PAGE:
The Indian government’s march towards the era of electric vehicles via the bulk procurement route may be aimed at eventually encouraging the mass manufacture of passenger e-cars. But it represents a significant diversion from the route e-vehicles have followed globally.
Energy Efficiency Services Ltd (EESL), the state-run agency that is responsible for the procurement of cars for government departments, had issued the first global tender for 10,000 e-cars in August 2017, for which Tata Motors emerged the lowest bidder at Rs 1.12 million per car.
Though this is far cheaper than, say, Germany where an e-car would cost between Euro 31,000 and Euro 35,000 ( significantly higher than the average Euro 27,000 for a standard new car) it is still high by Indian standards and certainly not in the affordable range for most middle class buyers. This despite the fact that e-vehicles attract a 12 per cent rate of Goods and Services Tax against 28 per cent plus cess on a mid-sized petrol or diesel car. The high cost is principally on account of the battery, which accounts for nearly 43 per cent of an e-vehicles’ cost, and is imported mostly from China.
The relatively high price explains why the government is following the reverse-bid bulk procurement route. “The aim to commercialise and make this technology available across the board — including lower-end vehicles — is right given the number of vehicles operating in this segment,” said Peeyush Naidu, partner, Deloitte.
“It would be good if we get something in affordable category – Rs 500,000 to Rs 1 million – which would lead to better utilisation of the new resources, in the form of charging stations and other ancillary infrastructure,” Ashim Sharma, partner & group head, Nomura Research Institute India, points out.
Interestingly, the second tender for another 10,000 e-cars was cancelled, reportedly for lack of clarity on standards for charging stations that would allow foreign car-makers to compete for the contract.
The challenges of rolling out a comprehensive e-vehicle policy is partly on account of the fact that the government is unclear on its objectives. Last year, then Union Power Minister Piyush Goyal said the Centre was preparing a road map to ensure that only electric vehicles are produced and sold in India by 2030. This year, in a turnaround, the idea to bring out a separate e-vehicles policy was abandoned.
Instead, the government is looking at encouraging e-vehicles through another round of FAME (Faster Adopting and Manufacturing of (hybrid) and E-vehicles). There are indications that the prime minister may announce a new e-mobility policy in September.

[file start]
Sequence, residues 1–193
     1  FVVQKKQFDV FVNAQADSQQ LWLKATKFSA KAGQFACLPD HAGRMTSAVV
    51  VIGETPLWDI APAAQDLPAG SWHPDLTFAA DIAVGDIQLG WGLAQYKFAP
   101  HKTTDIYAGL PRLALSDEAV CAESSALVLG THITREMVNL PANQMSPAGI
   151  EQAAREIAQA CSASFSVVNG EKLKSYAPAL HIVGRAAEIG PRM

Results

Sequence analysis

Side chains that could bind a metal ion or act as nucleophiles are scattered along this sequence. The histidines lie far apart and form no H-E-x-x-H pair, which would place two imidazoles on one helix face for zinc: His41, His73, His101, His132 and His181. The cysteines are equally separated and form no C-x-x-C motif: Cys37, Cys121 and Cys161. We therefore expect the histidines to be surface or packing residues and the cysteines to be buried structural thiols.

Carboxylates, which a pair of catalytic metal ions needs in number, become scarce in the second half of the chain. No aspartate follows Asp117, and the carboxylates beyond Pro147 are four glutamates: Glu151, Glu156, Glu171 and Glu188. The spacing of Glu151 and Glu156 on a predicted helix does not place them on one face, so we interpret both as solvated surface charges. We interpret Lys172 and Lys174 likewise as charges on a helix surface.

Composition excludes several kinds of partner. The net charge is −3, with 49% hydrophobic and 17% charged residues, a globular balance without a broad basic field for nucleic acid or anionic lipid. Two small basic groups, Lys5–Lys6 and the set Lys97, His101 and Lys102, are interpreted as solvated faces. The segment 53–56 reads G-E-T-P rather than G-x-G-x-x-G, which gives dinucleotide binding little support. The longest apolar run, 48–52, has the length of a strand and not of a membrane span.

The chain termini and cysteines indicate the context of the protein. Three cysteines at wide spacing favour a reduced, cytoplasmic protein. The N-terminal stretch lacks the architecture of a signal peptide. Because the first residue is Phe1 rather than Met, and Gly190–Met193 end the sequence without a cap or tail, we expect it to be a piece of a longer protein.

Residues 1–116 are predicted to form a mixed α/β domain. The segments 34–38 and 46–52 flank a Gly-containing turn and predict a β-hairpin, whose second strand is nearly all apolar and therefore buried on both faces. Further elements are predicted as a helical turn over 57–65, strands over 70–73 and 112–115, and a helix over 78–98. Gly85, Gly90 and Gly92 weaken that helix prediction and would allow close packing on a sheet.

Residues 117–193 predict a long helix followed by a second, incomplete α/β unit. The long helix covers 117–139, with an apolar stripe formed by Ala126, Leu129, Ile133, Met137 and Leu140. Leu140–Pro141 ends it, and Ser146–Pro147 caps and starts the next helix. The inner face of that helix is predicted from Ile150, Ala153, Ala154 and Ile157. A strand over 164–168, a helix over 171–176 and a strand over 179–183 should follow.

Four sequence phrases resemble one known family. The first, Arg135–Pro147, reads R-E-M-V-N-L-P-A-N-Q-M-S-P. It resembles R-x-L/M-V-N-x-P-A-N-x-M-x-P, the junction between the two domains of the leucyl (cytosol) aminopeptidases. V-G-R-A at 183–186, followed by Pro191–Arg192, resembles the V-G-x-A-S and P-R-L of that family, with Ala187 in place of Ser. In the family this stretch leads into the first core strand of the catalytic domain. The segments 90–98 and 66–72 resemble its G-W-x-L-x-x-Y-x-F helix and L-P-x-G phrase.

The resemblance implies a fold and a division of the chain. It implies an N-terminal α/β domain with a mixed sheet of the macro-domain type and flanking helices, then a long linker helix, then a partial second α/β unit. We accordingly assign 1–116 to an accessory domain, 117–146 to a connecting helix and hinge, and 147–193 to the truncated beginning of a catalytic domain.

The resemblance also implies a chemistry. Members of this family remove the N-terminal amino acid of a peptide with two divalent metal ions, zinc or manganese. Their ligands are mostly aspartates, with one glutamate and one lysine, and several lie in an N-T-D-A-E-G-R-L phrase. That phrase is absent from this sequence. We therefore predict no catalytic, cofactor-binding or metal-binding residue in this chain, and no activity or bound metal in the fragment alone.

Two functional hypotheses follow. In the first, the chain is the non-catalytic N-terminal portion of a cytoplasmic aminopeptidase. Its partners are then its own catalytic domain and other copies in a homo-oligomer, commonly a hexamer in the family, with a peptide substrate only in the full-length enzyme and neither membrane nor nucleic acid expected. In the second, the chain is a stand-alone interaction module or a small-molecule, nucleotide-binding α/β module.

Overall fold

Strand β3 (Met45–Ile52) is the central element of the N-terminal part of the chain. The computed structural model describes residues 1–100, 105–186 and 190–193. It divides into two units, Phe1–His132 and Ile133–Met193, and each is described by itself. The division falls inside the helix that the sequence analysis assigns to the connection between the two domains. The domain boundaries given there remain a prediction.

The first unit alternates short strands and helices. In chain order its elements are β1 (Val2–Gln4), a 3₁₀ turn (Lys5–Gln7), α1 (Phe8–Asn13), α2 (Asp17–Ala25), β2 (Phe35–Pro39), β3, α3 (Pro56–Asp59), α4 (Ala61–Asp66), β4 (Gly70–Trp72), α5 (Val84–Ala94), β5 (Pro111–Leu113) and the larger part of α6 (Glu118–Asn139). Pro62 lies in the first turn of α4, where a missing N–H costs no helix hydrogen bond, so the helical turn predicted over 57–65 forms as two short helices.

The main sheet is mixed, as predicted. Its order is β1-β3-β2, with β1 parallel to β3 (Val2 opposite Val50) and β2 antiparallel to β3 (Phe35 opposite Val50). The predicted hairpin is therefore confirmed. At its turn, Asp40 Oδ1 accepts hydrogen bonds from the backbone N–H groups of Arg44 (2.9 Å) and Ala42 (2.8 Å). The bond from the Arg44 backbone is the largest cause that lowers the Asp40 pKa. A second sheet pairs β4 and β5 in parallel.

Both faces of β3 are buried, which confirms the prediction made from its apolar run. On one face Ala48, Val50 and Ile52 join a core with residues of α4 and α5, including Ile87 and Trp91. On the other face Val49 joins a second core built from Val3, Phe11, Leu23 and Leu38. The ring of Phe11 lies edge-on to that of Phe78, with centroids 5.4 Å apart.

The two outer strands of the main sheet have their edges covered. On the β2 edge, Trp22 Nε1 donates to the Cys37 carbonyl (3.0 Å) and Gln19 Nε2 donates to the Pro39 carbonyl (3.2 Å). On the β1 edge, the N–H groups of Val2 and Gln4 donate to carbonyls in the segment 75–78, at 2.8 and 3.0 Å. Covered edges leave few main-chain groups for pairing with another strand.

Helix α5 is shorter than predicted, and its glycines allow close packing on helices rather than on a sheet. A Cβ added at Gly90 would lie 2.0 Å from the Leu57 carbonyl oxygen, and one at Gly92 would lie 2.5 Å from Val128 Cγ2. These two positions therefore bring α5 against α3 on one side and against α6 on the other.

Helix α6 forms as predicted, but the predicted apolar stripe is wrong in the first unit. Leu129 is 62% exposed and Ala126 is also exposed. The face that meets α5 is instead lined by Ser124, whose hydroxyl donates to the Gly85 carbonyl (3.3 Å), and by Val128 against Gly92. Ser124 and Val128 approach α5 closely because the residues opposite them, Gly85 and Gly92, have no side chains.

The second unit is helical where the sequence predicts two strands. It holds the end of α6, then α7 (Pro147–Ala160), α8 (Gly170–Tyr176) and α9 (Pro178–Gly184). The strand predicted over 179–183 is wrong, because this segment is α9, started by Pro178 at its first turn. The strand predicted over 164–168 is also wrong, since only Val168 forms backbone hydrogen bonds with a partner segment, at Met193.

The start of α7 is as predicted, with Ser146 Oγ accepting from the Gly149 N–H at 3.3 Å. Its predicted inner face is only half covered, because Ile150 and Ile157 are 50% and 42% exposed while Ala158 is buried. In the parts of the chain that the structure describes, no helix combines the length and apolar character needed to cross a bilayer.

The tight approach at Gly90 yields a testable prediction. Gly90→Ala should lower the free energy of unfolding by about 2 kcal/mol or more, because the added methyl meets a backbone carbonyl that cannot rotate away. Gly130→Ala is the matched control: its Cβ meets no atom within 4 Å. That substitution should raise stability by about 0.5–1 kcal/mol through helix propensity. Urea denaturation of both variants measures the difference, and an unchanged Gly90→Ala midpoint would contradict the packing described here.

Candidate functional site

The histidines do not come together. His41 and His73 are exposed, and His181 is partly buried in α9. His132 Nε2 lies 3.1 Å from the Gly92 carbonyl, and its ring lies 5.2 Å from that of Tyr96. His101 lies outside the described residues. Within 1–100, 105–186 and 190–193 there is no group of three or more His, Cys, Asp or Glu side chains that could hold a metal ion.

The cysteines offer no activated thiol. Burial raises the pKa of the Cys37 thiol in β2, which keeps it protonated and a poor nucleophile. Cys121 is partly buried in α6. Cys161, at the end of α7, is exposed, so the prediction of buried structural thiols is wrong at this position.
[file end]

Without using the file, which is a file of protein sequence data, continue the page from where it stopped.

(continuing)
“The proposal (for e-vehicles) is at a very early stage because from the supply side only a limited number of vehicles are available. The government policy is also not very clear and this will take some time,” said Rakesh Batra, partner and national leader - automotive sector, EY.
Batra also points out that the ecosystem to support widespread adoption of e-vehicles is not in place. An electric vehicle
cannot run more than 200 km per day, because it requires charging and cooling down time for the battery. Normally an electric vehicle
takes about six hours to charge but at fast charging stations that time can be reduced to one hour. India is yet to have fast-charging stations.
The International Energy Agency (IEA) in its May report put the number of publicly available fast- and slow-charging stations at 222 in 2017. Though this number is too low, it is an improvement over just 25 in 2016. Tata Power Delhi Distribution Ltd (TPDDL), the Delhi-based electricity distribution company, plans to set up 1,000 electric vehicle
charging stations across the national capital, but this is unlikely to alter the nationwide dynamics.
The perennially optimistic Union Road Transport Minister Nitin Gadkari recently said the infrastructure for electric vehicles, like e-charging stations and outlets, would be in place faster than anticipated. But even he stopped short of elaborating the cost, indigenous battery manufacturing and so on.
The major reason for the policy confusion over e-vehicles is the lack of conviction within government about the utility of this disruptive technology and its role in India’s larger Paris Agreement climate change commitments. “The larger problem is global warming that is affecting the world, rather than pollution which is a city-based phenomenon. E-vehicles can improve the air quality but will not be helpful in the global warming problem,” said an official who did not wish to be identified.
Indeed, an International Energy Agency (IEA) report has contended that the introduction of e-vehicles would see a net increase in carbon emissions in India and China, which have a carbon-intensive power generation mix.
IEA also said the growth of e-vehicles globally has largely been driven by government policy, including public procurement programmes, financial incentives, fuel-economy standards and so on. As things stand, however, the Indian government itself does not appear to be wholly convinced of its utility.